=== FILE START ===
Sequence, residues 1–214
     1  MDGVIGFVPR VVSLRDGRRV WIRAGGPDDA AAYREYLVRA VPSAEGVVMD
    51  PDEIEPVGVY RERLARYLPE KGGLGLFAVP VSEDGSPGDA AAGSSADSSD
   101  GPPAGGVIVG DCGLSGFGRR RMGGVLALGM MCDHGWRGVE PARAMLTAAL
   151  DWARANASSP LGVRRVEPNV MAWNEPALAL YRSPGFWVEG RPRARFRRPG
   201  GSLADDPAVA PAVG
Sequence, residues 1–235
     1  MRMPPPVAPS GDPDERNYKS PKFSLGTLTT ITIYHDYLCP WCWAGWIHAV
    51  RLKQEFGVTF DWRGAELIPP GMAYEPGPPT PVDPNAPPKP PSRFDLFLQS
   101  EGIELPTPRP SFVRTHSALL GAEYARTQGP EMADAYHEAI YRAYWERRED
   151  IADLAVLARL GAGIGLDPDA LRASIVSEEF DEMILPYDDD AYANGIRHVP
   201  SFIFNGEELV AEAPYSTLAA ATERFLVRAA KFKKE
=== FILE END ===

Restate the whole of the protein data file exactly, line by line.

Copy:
Sequence, residues 1–214
     1  MDGVIGFVPR VVSLRDGRRV WIRAGGPDDA AAYREYLVRA VPSAEGVVMD
    51  PDEIEPVGVY RERLARYLPE KGGLGLFAVP VSEDGSPGDA AAGSSADSSD
   101  GPPAGGVIVG DCGLSGFGRR RMGGVLALGM MCDHGWRGVE PARAMLTAAL
   151  DWARANASSP LGVRRVEPNV MAWNEPALAL YRSPGFWVEG RPRARFRRPG
   201  GSLADDPAVA PAVG
Sequence, residues 1–235
     1  MRMPPPVAPS GDPDERNYKS PKFSLGTLTT ITIYHDYLCP WCWAGWIHAV
    51  RLKQEFGVTF DWRGAELIPP GMAYEPGPPT PVDPNAPPKP PSRFDLFLQS
   101  EGIELPTPRP SFVRTHSALL GAEYARTQGP EMADAYHEAI YRAYWERRED
   151  IADLAVLARL GAGIGLDPDA LRASIVSEEF DEMILPYDDD AYANGIRHVP
   201  SFIFNGEELV AEAPYSTLAA ATERFLVRAA KFKKE